With information about the FBI’s search of Donald Trump’s Mar-a-Lago residence still sparse, the political fallout has taken a predictable shape. For conservatives, the use of an aggressive law enforcement tool against a former president (and likely future candidate) by the administration led by his 2020 rival reeks of partisan motivation. For many liberals, this suspicion is itself evidence that conservatives believe Trump is “above the law.”
Here’s a prediction: No matter what comes out of the court-authorized search (Trivial White House heirlooms? Super classified documents? Jan. 6 plots? Nothing at all?) almost no one who takes either position will be moved. Experience shows that polarizing Trumpian legal sagas are not “settled” by new information, which is refracted immediately through a partisan lens.
The Trump-Russia scandal persisted for years even as an investigative and media drumbeat did not turn up evidence of illegal collusion. And Trump’s egregious conduct in trying to overturn the 2020 election has been publicized extensively, but his grip on the Republican Party remains strong. So don’t expect a “smoking gun” — or exoneration — to emerge from Mar-a-Lago, only political recriminations.
The long-term question, then, is not what evidence the raid will turn up. It’s what role law enforcement power can and should play in regulating a political system like ours, where consensus is eroding and trust is breaking down.
There is a constituency for two main visions. The first is that the Justice Department should serve the partisan interests of whomever is in office. If we live in a zero-sum political world where each party believes the other is an existential threat, why shouldn’t law enforcement officials leverage their power against the opposition? That’s what Trump and his supporters claim Attorney General Merrick Garland is doing when it comes to the former president.
This was also Trump’s idea of how the Justice Department should operate. He asked Attorney General William P. Barr to prosecute his political rivals in retaliation for investigations against him, and to cast doubt on the 2020 election to help him stay in power. Barr refused.
The opposite view of the Justice Department’s role is at least superficially more attractive. It says that law enforcement investigations ought to be as technocratic and mechanical as possible. Criminal law should function like an algorithm, taking in legal inputs and spitting out legal outputs, regardless of the political environment in which it is operating.
If that’s the case, then of course evidence that Trump violated the Presidential Records Act of 1978 or another statute by bringing government property to Mar-a-Lago should have prompted the FBI to seek a search warrant. Any other response would be giving the former president special treatment and interfering with the impartial administration of justice. This is fast becoming the orthodox liberal defense of the Mar-a-Lago raid.
But despite its righteous pretenses, this mechanical view of justice is no panacea. If the Justice Department’s Mar-a-Lago decision aggravates partisan furies, it won’t be because Garland’s department is politicized in an overt, Trumpian sense.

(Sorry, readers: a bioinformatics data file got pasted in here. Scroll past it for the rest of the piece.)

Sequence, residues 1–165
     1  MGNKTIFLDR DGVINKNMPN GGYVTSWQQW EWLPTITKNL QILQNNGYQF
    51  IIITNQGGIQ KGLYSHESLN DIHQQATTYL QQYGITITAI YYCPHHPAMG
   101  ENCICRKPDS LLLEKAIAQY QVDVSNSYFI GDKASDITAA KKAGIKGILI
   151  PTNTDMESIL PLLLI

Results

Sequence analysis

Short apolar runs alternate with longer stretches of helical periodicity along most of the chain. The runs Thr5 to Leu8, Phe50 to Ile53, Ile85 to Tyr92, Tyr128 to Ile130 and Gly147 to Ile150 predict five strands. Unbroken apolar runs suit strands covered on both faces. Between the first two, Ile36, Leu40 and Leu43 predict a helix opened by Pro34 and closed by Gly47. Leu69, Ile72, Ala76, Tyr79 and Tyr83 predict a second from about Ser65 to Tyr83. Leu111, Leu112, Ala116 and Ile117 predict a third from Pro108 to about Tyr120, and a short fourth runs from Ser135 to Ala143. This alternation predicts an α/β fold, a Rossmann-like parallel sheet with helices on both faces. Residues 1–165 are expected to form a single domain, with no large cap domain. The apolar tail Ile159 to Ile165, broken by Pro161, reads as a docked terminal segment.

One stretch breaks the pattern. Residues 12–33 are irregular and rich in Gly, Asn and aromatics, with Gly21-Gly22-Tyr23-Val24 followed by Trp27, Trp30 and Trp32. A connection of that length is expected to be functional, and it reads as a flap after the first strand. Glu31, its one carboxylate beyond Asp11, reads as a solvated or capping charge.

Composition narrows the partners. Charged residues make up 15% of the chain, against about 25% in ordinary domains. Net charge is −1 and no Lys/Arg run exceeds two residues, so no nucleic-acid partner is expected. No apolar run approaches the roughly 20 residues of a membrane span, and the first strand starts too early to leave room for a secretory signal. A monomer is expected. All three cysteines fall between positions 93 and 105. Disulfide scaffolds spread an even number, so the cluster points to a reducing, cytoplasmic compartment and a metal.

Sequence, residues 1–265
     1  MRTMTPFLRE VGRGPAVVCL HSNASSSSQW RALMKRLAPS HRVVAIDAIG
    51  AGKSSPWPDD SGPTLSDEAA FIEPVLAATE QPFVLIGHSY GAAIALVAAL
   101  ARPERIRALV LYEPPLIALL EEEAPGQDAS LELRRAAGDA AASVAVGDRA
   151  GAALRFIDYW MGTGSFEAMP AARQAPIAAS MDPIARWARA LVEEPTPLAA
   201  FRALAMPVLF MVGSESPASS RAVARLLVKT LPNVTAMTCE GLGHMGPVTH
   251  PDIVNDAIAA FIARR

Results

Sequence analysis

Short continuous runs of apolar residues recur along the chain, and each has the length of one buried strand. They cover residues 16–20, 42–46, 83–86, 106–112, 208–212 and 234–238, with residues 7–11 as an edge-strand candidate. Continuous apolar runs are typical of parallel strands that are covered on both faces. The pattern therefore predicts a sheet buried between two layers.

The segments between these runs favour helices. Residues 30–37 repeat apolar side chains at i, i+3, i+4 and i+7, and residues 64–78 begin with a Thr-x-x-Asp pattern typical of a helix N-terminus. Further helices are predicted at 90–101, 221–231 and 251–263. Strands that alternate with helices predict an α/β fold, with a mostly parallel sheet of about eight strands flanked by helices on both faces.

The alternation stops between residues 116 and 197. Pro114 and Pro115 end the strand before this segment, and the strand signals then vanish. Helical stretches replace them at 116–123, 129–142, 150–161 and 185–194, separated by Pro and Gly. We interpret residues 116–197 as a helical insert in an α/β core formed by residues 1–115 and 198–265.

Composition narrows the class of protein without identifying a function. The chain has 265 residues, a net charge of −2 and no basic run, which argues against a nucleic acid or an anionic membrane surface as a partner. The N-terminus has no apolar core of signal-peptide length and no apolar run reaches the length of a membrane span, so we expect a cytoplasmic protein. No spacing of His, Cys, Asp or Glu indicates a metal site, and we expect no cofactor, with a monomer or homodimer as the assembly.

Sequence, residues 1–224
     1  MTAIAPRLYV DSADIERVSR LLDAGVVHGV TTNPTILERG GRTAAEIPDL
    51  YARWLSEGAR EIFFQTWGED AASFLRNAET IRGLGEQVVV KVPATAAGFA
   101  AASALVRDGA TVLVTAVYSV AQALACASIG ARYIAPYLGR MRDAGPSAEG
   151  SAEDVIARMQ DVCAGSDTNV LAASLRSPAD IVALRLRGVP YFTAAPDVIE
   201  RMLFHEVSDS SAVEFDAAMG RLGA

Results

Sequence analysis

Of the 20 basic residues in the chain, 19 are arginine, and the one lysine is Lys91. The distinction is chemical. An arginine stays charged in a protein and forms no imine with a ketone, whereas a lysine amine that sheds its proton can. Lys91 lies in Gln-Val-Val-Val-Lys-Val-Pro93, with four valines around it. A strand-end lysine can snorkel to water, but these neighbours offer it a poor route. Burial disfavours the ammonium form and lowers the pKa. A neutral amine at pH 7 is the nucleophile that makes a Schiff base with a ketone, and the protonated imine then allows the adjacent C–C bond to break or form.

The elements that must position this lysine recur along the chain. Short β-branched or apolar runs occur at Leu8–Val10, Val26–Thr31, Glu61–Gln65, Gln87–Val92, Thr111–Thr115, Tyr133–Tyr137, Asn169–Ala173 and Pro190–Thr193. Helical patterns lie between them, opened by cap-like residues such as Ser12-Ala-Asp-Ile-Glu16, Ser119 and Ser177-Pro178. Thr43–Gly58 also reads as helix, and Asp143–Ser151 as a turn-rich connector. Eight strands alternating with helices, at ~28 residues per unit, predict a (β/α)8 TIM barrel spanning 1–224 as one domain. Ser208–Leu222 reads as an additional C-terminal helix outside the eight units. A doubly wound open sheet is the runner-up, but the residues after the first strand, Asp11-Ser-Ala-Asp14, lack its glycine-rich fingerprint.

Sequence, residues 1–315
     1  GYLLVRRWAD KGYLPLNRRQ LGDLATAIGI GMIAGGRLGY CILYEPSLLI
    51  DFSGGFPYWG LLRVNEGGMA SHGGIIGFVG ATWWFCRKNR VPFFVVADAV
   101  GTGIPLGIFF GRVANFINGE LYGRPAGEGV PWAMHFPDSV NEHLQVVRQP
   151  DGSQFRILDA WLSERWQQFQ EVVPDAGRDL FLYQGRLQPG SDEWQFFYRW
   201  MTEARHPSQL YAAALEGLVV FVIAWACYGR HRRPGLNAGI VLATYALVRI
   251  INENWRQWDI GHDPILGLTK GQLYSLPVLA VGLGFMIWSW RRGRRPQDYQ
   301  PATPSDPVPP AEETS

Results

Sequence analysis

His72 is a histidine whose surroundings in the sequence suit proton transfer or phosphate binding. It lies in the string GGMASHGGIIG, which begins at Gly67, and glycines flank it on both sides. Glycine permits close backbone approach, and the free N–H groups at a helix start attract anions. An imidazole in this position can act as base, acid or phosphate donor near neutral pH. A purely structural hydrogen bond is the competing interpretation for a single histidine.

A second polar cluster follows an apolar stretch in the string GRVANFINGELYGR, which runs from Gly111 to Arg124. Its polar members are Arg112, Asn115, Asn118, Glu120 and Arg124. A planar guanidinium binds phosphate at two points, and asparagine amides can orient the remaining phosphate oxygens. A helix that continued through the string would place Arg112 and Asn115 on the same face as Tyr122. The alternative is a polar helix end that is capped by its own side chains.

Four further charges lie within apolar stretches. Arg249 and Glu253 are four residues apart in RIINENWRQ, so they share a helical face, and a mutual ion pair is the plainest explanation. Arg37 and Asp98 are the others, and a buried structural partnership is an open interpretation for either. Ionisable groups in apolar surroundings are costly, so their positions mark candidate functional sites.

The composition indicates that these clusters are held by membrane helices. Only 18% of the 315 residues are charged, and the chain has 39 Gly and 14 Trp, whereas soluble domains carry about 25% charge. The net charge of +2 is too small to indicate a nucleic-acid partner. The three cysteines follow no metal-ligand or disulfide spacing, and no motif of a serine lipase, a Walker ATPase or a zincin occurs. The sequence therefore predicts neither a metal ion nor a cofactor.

On the contrary: It will be because it sees itself as so scrupulously and high-mindedly apolitical that it could not foresee — or else ignored — the consequences of the raid for the United States’s cycle of polarization. The explosive response was predictable, yet multiple news reports suggest that at least some officials thought executing a search warrant on a former president’s residence for the first time in history would somehow be a low-profile affair.
There’s a third option between justice distorted by partisanship on the one hand, and justice so narrowly technocratic that it abandons common sense on the other. Barr in 2020 delivered a landmark speech expounding on this view. He highlighted “the importance of not fully decoupling law enforcement from the constraining and moderating forces of politics,” and said that “our system works best when leavened by judgment, discretion, proportionality.” Was the Mar-a-Lago search characterized by those traits?
Barr concluded his speech by quoting Robert H. Jackson, attorney general under President Franklin D. Roosevelt, who said “the qualities of a good prosecutor are as elusive and as impossible to define as those which mark a gentleman. And those who need to be told would not understand it anyway.”
Americans should hope that Garland, who on Thursday confirmed that he approved the Trump search, possesses those ineffable qualities. It’s not enough if he is a legal genius, or conscientious and well-meaning. What’s required to navigate these high-stakes decisions is statesmanship — an intuitive understanding of the body politic and how to advance its interests.
As Barr pointed out, the United States’s law enforcement institutions derive their legitimacy from its democratic political system, not the other way around. Successive legal quests to bring down Trump have failed because his challenge to American self-government is fundamentally political, not legal — and will ultimately have to be answered in kind.